Furthermore Clinton/Gore, despite 1992 campaign promises to raise fuel efficiency standards to 40 mpg, actually allowed these to decline to a greater degree than any other recent administration; and Gore joined George W. Bush in pushing for the "Clean Coal" subsidy, a crackpot scheme to sequester carbon dioxide (CO2) from burning coal in sea beds or mine shafts.
Finally, Gore worked to have nuclear power granted a "renewable energy" exemption under the Kyoto treaty for which he takes so much credit, and has to be seen along with his successor, therefore, as playing a role in the remarkable comeback of that deadly industry.
No doubt, Bush goes much further than Gore. Not simply dependent upon the energy industries, President Bush is an active part of them, either directly or through his closest friends, for example, old-school pal Thomas Kuhn, a major figure in the nuclear power industry and director of the Edison Electrical Institute, which represents companies that generate eighty percent of the nation's power.
Bush is a more extreme, and therefore more transparent, version of government of, by and for big business. This is surely no cause for celebration, however much having one's enemy in plain view is preferable to having him hide behind a cloud of environmental fakery.
Ecology vs. Accumulation
The differences between Bush and Gore are real enough, but their fundamental identity as bourgeois politicians lays out a larger lesson which becomes obscured by the liberals' focus on the misdeeds of individual corporations. Once we begin looking at the class of capitalists as a whole, we are led also to take into account the movement of the great sea of capital which they produce and serve.
From this standpoint, an energy crisis is not so much a question of physical shortages (the specter of which is real enough though still down the road), nor of individual greedy manipulations (also quite real, though scarcely a novel or systemic factor), but rather of the accumulation crises that drive capitalist society.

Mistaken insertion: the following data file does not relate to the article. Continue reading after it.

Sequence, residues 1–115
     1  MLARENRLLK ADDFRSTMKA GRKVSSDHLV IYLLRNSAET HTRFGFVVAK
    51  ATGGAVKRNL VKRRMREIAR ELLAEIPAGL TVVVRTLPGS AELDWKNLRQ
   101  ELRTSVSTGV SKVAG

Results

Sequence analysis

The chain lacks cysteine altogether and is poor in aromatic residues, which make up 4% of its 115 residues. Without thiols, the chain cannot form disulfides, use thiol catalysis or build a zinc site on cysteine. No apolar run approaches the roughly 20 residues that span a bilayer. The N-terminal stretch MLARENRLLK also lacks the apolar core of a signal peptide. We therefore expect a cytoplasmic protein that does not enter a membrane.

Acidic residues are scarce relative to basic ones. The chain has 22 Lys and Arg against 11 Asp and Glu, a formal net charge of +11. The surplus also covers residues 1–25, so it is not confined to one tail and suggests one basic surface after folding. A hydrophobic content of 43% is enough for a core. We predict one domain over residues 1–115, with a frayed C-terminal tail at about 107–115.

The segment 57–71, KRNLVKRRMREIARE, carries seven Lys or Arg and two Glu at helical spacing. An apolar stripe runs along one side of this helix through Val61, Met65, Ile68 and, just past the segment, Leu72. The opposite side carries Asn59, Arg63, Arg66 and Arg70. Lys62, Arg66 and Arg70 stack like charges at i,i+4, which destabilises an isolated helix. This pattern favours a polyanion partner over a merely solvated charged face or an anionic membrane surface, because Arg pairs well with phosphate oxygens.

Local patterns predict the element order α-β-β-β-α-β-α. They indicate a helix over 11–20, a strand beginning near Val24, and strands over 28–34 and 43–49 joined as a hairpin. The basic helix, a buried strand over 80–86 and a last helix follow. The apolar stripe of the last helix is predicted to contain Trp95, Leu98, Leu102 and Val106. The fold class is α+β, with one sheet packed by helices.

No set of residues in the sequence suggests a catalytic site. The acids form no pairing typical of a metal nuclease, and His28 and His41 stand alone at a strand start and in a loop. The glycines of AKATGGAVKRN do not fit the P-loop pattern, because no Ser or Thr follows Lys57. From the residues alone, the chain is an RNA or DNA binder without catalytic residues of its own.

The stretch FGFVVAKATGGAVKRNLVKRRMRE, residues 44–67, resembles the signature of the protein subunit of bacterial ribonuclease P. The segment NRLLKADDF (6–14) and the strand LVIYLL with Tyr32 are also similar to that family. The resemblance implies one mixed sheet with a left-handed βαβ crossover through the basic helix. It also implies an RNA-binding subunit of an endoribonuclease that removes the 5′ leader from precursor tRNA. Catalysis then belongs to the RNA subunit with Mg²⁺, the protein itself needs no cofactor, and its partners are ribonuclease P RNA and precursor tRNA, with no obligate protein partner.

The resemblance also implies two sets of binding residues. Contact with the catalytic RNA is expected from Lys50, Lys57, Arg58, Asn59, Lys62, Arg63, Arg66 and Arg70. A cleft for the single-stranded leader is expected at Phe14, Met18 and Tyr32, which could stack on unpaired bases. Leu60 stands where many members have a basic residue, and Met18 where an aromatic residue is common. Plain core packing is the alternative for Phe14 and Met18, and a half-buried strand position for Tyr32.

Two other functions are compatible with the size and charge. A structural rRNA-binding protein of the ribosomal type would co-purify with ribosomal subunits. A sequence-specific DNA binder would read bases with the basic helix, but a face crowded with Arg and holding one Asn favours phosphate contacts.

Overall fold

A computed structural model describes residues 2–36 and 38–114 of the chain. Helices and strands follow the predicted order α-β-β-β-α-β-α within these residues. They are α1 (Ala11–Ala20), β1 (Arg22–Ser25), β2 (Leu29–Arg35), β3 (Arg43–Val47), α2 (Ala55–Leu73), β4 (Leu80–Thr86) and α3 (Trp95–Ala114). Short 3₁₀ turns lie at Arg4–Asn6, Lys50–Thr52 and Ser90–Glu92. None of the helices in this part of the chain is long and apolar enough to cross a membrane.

The first sign, for example, that Bush was going to renege on his tepid campaign promises to care for the environment came in March, when he abruptly declared that his administration would no longer press for the limitation of CO2 emissions by electric power plants. This was followed a week or so later by the shocking announcement that the United States was pulling out of the Kyoto Protocols.
But there was another shock that immediately preceded Bush's first announcement and which few took into account, namely, a precipitous several-hundred point fall in the stock market. We don't need the White House transcripts to infer the alarm bells this must have set off, in the context of a year-long stagnation in the once buoyant markets, and with an incipient recession looming—alarm bells that soon began tolling for the prospect of cutting greenhouse gases.
Capital cannot tolerate barriers, and bourgeois politicians see it as their highest duty to keep the wheels of accumulation turning. In this respect, a Cheney can speak much more freely than his liberal critics. His public statements are frankly of the need for continual growth, and of the reality—plain enough to anyone who will take a good look—that energy, derived from fossil fuels, is in fact the necessary foundation of the industrial-capitalist system.
Bush/Cheney may be oiligarchs, but they also superintend what Marx called the common affairs of the entire bourgeoisie, and if they happen to be personally hooked into and enriched by the most fundamental natural ground of accumulation, so much the better for them as individual capitalists, no matter how much the worse for everyone else.